I've added a bias-tag again as I believe that the current state of the article is both wantonly biased (I could easily discern the leanings of the author of most of it) and making questionable statements. If the latter are all sourced, feel free to change my tag to just "bias" and remove the citation one. 00:09, 22 August 2007 (UTC)

Billing customers for coal-generated kilowatt-hours at more expensive natural-gas prices[edit]

The sections titled "A note on why natural gas prices are used instead of coal prices" and "What will basing the price on natural gas prices do in the longer term?" strike me as being disingenious apologia for the practice of not passing lower coal-generated power costs on to customers. Texas utility bills already include variable pricing (price for first 250 kwh, price for all additional kwh, fuel factor charge). It would, in theory, be a straightforward matter of accounting to proportionally price the kilowatt-hours consumed by what percentage of the provider's power comes from varying sources. Agarcialw (talk) 05:38, 5 December 2007 (UTC)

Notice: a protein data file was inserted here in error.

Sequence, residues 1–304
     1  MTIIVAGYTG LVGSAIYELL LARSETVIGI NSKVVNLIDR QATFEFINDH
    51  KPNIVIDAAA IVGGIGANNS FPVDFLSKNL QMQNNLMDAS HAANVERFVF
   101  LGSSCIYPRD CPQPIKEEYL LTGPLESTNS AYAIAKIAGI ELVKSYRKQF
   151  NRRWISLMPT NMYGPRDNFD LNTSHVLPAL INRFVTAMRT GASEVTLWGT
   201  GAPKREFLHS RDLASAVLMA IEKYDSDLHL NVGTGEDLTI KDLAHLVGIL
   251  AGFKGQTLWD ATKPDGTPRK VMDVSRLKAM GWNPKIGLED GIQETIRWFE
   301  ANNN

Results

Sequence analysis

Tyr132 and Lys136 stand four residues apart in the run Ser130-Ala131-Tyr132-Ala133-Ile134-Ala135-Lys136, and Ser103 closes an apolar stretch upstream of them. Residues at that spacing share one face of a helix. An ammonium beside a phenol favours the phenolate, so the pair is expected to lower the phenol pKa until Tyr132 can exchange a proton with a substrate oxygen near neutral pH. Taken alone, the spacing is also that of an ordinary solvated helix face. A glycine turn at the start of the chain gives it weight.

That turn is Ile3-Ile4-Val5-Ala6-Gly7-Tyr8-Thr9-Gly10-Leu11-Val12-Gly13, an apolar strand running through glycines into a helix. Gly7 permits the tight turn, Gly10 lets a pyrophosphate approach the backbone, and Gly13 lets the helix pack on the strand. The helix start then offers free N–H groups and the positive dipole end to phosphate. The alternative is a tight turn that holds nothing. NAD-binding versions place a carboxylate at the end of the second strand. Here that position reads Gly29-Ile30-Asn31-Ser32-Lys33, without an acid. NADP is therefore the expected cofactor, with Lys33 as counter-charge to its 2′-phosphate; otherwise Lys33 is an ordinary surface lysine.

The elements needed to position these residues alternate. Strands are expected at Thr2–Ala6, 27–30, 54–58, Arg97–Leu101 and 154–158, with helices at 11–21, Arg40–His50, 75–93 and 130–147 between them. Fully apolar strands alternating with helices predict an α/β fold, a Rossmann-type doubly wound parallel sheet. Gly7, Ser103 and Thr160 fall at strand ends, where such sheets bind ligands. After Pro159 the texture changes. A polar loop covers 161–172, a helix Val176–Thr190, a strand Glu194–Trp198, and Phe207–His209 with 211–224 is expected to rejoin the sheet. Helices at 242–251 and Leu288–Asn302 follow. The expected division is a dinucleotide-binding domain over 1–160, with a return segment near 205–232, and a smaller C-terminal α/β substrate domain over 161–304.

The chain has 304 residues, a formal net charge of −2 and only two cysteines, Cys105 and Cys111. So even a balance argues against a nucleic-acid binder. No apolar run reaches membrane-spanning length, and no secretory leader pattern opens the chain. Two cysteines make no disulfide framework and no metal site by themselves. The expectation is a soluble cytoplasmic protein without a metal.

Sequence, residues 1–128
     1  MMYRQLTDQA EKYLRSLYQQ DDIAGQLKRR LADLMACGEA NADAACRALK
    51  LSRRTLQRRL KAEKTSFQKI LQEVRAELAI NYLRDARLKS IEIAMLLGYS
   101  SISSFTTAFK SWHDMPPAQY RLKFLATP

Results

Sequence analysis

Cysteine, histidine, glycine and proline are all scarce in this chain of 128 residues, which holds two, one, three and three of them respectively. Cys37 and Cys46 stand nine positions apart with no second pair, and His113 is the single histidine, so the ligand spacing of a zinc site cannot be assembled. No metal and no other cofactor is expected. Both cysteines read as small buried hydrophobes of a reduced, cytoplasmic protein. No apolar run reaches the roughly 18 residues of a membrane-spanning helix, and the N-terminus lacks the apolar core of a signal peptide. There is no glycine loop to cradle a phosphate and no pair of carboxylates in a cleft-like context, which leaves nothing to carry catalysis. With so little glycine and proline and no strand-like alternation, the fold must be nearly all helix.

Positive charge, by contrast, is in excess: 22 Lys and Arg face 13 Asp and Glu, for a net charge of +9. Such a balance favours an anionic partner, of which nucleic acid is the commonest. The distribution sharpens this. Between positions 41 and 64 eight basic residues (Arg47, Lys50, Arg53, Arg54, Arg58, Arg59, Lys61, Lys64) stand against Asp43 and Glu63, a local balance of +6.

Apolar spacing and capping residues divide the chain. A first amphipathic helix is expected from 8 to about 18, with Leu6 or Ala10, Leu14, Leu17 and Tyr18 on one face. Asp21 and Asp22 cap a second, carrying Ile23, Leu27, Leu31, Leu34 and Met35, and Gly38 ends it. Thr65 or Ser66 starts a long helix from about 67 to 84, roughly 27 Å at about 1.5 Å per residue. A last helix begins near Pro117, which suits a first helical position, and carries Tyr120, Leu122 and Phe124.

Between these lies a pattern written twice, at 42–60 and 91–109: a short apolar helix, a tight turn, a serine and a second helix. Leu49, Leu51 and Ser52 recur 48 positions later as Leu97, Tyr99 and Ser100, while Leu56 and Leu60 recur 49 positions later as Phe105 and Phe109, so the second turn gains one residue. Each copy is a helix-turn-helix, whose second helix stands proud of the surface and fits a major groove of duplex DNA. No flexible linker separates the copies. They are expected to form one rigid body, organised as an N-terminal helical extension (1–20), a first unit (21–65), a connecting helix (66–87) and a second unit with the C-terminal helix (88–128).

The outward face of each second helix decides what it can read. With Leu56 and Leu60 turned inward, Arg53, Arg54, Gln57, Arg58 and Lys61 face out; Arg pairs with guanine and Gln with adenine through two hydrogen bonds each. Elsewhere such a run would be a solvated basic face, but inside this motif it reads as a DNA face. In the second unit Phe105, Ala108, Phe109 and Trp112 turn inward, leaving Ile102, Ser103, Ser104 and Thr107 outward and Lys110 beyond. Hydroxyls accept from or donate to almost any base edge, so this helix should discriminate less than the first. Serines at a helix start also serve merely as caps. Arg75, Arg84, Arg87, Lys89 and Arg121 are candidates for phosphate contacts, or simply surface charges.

Also, for the lettuce/sandwich example, when presented with 10 customers instead of 5, why not bill at $6 per sandwich, since you own all the sandwiches, your average sandwich cost is $5/sandwich, and your average profit per sandwich is still $1/sandwich? This seems to be a regulated environment result (one producer for all the sandwiches), whereas in a deregulated environment where each sandwich has its own producer the price has to be set at $7/sandwich (otherwise at $6 the last 5 producers earn $0 = they don't earn that necessary $1 profit to cover depreciation/improvements = bankruptcy and the first 5 producers earn $3 on each of their sandwiches = outsized profits, whereas the single producer environment results in an average profit for the producer of $1 per sandwich). The regulated environment also produces a lower total cost to the customer, in the deregulated environment $7/sandwich x 10 sandwiches = $70 total cost, in the regulated environment $6/sandwich x 10 sandwiches = $60 total.